A buck is another name for a dollar in America. It is also one hundred when you are talking speed. You have probably heard someone say, “She had to pay three hundred bucks for the ticket she got while driving a buck-twenty on the highway,” right? This means she paid a $300 fine for going 120 miles per hour. It’s a stretch, I agree. The cops would have to catch her first. ; )
One thing I do know is that you can raise a buck in a fast way when you focus on the process. This part takes separating yourself from everything else you are doing for 90 minutes a day in order to focus on:
- A Firm Plan
Resources: Spend time discovering what is already available and what you will need to find. Other people may have more knowledge than you do on the resources to consider. Your goal is to make time to visit with the right people, and make objective decisions on the best direction for moving forward in a productive way. You may have to be proactive and make changes some people are not happy with. Your supervisor is the one to approve these moves. Ask for their permission to blame them if someone gets upset with your changes. NEVER blame anyone without asking for his or her permission first.
Outreach: Discover the channels within your community and base your path on the best strategic moves for achieving the results you want. More power for your buck is what I like to say. “Leads” or referral groups are great places to explore. This is where other people refer your mission to their associates. I am happy to brainstorm outreach opportunities with you – feel free to send an email to email@example.com and we can set up a time to talk. This is between friends.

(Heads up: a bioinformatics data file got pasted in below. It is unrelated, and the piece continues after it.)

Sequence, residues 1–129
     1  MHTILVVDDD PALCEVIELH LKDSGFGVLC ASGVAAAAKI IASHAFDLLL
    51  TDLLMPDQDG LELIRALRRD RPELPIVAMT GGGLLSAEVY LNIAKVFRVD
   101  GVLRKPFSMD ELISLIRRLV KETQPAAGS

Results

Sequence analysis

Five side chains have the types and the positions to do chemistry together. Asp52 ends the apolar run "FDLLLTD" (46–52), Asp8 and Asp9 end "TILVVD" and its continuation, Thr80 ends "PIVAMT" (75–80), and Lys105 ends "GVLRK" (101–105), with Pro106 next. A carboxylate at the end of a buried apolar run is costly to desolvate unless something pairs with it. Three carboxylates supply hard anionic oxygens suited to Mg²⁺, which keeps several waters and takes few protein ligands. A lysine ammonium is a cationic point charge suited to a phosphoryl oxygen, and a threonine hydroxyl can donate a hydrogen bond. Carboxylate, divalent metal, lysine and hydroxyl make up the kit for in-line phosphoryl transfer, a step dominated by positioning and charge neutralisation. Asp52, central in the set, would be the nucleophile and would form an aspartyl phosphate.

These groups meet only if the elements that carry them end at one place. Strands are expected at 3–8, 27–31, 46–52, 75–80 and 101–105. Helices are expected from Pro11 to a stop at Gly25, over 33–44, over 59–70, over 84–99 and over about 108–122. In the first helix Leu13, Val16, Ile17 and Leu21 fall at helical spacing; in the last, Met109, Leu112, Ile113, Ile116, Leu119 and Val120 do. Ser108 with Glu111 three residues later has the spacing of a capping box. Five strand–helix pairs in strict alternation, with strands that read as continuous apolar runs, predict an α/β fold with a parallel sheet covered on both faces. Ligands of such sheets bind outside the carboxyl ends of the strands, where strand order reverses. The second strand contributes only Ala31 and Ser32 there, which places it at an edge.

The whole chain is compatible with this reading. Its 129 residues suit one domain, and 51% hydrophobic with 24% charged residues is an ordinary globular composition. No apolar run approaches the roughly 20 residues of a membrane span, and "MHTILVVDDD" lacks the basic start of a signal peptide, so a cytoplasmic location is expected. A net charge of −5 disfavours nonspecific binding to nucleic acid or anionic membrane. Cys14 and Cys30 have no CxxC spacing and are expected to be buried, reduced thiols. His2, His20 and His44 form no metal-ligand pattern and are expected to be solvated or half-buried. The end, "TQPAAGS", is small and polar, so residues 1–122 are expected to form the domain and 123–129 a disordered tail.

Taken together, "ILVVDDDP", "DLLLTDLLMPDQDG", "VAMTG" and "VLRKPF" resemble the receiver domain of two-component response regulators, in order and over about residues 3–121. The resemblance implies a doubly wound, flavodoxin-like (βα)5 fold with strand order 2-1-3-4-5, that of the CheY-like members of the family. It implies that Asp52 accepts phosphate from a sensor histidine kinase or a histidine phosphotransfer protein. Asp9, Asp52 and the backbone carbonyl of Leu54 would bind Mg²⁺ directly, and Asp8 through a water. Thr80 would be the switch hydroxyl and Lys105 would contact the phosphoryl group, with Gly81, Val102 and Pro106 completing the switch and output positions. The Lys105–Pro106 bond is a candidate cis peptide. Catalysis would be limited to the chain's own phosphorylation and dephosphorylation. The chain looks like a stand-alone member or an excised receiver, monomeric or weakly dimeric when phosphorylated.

A Plan: What does fundraising look like for your organization? You may already have a foundation to build upon and this can be good or bad. It depends on what has already happened in the past. Have people been appreciated for their gifts? Things to consider when developing your plan:
- How much money by when?
- Methods for raising money
- Timeline for each method
- Participants (Advocates)
- Maintaining focus
“Buck” was derived from pioneer times in America when deer (or buck) skins were used as currency. The richly textured and visually stunning animal was valued as cash, which today is not so attractive to imagine since money is dirty and covered with germs. I’m obviously used to looking at deer from a distance.
“The buck stops here” was a phrase used by President Harry S. Truman in speeches and it was meant to encourage people to take responsibility. I pass the buck (fundraising ideas) on to you, in a good way. Now, you have the power to listen to our President’s words of wisdom. Good luck and much success!